Leach’s Storm Petrel (Oceanodroma leucorhoa) is a difficult species to census because the birds nest in burrows, are nocturnal, and spend most of their life at sea, only coming ashore to breed. Simply locating a suspected petrel burrow is inadequate for management and conservation purposes because it is not known if the burrow is in use. The traditional method, of “grubbing”, or reaching into suspected burrows to determine occupancy, is invasive, and of limited accuracy. Playback of specific calls during the nesting period may be used to check for burrow occupancy. I conducted a test of grubbing in comparison with vocal playbacks and use of a portable video camera to determine which methodology was most accurate, least invasive and most efficient in time and cost investment. The use of playbacks showed the most promise as a quick, low cost method for surveying these burrowing petrels. The camera method, though as thorough as the playbacks, was more expensive and time consuming, while the traditional method of grubbing proved to be highly inaccurate and invasive.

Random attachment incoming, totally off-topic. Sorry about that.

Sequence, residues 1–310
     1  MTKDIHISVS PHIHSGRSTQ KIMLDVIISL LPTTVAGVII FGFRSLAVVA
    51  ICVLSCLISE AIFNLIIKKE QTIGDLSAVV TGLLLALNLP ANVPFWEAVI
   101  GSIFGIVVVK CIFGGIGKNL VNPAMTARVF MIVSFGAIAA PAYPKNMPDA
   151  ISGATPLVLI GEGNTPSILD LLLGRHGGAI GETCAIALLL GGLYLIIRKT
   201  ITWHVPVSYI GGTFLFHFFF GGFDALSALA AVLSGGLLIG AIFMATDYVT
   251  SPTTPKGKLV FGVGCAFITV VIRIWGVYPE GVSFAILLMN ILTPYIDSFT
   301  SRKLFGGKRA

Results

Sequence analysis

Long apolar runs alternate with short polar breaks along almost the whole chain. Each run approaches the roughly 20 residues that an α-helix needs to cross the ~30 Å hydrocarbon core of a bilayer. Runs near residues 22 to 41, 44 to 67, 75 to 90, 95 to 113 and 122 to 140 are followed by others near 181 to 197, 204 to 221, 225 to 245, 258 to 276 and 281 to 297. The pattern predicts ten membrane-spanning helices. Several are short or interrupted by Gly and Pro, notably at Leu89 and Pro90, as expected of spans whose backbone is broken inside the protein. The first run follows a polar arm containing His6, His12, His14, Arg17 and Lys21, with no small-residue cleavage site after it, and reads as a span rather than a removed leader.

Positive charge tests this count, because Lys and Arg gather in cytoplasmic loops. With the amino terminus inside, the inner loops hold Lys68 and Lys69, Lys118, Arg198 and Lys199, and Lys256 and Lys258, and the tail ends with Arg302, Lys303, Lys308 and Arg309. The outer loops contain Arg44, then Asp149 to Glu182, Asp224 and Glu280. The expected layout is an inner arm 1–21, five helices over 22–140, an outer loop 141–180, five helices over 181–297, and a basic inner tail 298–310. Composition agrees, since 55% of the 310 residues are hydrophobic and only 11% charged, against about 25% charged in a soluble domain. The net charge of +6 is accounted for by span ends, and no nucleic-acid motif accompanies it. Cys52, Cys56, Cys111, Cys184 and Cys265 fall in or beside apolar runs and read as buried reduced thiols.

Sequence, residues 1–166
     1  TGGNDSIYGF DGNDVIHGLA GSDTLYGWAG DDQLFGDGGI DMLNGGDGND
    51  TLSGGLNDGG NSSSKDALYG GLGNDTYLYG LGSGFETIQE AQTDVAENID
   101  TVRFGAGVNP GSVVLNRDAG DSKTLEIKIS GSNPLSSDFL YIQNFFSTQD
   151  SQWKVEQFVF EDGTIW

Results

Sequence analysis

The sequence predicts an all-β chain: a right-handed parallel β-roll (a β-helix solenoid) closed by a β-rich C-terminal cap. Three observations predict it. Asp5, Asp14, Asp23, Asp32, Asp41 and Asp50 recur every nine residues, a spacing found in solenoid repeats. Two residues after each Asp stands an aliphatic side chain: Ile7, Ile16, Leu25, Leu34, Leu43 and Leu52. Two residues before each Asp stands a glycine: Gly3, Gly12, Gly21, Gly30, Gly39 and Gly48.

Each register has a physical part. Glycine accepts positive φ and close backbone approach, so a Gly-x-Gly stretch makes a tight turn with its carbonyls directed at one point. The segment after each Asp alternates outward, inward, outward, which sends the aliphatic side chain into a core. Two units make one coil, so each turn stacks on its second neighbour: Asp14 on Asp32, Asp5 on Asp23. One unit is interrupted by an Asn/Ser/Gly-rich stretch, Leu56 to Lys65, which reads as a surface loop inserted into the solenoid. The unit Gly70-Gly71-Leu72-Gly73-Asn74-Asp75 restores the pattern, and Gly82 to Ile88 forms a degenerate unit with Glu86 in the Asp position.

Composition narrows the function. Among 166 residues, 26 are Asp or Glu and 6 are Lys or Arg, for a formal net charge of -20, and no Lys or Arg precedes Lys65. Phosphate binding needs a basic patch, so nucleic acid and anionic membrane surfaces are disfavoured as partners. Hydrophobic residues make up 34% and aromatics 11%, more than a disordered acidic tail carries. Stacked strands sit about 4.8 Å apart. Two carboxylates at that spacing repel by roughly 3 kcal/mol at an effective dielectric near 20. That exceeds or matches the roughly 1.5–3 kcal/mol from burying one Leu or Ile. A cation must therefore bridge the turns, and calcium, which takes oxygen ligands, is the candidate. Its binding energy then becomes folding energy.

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Vol. 27 • No. 2